Funny how most media pundits are lemmings. There is one narrative and nobody ever seems to stray from that.
First, it was the inevitable Hillary Clinton. When that proved wrong, everyone rushed to dissect the how and the why. Then it was the fight to the finish. And when Barack Obama won 11 straight contests, another "correction" set in. Finally, on the eve of the "showdown" contests in Ohio and Texas, everybody is busy writing the obits of the Hillary campaign.
As Lee Corso is prone to say: "Not so fast, my friend."
There is a chance, a good chance, that Clinton will win both Ohio and Texas primaries. And if that were to happen, the obits will be suddenly written for the Obama campaign, and for good reason. If with all the momentum and adulation of the press on his side, he's still unable to deliver the knockout blow to the dysfunctional Clinton campaign, then his viability as the Democrats' nominee must be questioned, severely.
Simply put, Tuesday may represent the Battle of the Marne, or Stalingrad, for Obama, depending on which World War is closer to your heart.
There is a good reason to worry about Obama's prospects. First and foremost, the polls are telling. For the last two weeks, he's had a lead in Texas, but never statistically meaningful. So at best he's in a dead heat in the Lone Star State. As for Ohio, after surging to close down a double-digit deficit, Obama has seen his support collapse. While he came within 4 points of Clinton about a week ago, the new polls show that the gap has again reached double digits.
He will lose Ohio, maybe big, thus delivering Clinton a reprieve she needed, no matter what happens in Texas.
And let's not forget Rhode Island and Vermont, either, even if both candidates apparently did. Clinton might win both, adding to victories in Ohio, perhaps even Texas, she'd be the one riding on a four-state sweep and that magic carpet -- momentum.
So how did this gloomy picture emerge for Obama, completely unnoticed?
Besides the media's propensity of being a herd, their inability to peel away a seemingly reliable trend is to blame. The narrative goes like this: Clinton has the name recognition, but when people get to know Obama, they gravitate toward him and abandon Clinton.
The narrative is on target, with a heretofore undiscovered caveat: It only works when the exposure is rapid and short. When the voters see too much of Obama, they go back to the default choice Clinton.
After winning the opening contest in Iowa, Obama has won a string of victories where he either had only about a week to sell himself to the voters, or, in the case of Tsunami Tuesday, he had to spread himself around to a number of states. When the voters saw him in short appearances and got the "hopeful" soundbites, they fell for him en masse.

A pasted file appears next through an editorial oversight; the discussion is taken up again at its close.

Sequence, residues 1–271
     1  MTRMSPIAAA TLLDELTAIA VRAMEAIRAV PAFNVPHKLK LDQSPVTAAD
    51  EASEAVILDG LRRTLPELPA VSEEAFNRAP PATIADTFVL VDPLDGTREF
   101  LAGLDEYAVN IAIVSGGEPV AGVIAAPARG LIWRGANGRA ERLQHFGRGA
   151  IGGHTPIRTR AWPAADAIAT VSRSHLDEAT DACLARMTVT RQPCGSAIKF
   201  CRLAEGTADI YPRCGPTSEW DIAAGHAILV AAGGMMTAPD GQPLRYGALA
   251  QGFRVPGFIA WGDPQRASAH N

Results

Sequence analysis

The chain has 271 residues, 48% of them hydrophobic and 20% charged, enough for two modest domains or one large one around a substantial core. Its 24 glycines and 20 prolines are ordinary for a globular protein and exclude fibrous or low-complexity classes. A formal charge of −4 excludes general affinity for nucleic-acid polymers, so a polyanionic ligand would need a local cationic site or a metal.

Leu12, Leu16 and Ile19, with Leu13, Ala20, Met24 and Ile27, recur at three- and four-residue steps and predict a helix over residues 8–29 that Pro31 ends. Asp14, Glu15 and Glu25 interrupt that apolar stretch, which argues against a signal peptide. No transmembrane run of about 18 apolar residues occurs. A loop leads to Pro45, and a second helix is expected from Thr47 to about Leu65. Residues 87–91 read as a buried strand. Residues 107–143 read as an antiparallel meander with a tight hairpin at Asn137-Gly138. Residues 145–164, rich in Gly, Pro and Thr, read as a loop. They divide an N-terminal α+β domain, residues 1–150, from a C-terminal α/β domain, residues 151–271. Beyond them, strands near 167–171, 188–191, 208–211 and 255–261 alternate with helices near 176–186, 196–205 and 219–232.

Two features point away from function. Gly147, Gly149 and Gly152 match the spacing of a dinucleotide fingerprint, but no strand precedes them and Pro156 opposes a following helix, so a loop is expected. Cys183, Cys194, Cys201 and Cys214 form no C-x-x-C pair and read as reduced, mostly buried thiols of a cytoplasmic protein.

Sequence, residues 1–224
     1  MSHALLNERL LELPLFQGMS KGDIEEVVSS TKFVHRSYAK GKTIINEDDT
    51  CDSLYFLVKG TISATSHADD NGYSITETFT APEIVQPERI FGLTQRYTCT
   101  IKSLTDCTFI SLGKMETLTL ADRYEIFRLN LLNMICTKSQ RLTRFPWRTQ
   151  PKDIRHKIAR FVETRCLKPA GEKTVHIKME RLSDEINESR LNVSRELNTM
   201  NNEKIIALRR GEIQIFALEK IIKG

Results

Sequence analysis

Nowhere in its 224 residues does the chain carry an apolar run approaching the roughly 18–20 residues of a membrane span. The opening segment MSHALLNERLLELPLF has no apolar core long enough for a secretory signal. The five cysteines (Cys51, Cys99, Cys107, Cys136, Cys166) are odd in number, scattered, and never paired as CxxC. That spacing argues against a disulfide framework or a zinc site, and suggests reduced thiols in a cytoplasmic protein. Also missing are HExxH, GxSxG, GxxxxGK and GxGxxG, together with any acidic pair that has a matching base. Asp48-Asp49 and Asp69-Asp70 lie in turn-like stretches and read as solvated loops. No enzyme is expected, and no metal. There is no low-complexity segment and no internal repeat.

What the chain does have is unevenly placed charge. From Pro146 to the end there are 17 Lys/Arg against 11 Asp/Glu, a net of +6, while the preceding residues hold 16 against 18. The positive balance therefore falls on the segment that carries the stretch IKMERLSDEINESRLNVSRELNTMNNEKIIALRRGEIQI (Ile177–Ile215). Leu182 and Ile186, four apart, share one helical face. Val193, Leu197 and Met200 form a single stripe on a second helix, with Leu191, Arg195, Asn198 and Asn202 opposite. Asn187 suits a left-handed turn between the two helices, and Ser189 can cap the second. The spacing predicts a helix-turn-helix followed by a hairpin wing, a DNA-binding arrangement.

But when the voters head to the polls on Tuesday, it will have been three weeks since Obama's resounding victories in Wisconsin and Hawaii. Three weeks, in politics, is an eternity. Ohio and Texas voters will have had ample opportunities to examine the candidates. And upon further review, it's likely that their initial excitement about Obama would've worn off by election day.
Obama has been winning with this formula: Have a terrific ground operation that's well organized to get him into the voters' consciousness; then he swoops in to close the deal. Aside from New Hampshire, when he was not yet battle-hardened, he's been a great closer. And as anyone in sales will tell you: When you close the deal, pick up the check and leave, before anybody changes their mind.
In this case, Obama made his sale but he had to hang around the house for far too long. By the time he's finally allowed to leave, he might end up empty-handed.
If he is unable to close the deal in Ohio or Texas, big problems lie ahead for Obama. Clinton might not catch him in the delegate count, but she would've seized the high ground once again by dominating in two more big states, adding to her haul of California, New York, New Jersey and disingenuously, also Florida and Michigan. And with six weeks to campaign in Pennsylvania, with no one else holding a contest between March 11 and May 3, Clinton will be the heavy favorite to gobble up another big state on April 22.
The trouble with being the frontrunner is you're forced to play defense. Protecting is more important than invading. Obama has done well in the two debates with Clinton, fighting her to a draw. But there is this nagging sense that Obama-fatigue has set in for the voters: They're now once again vacillating and wondering if he is the real deal.
Tuesday is a big day. Not just for Hillary Clinton. But it might be a do-or-die, for both candidates.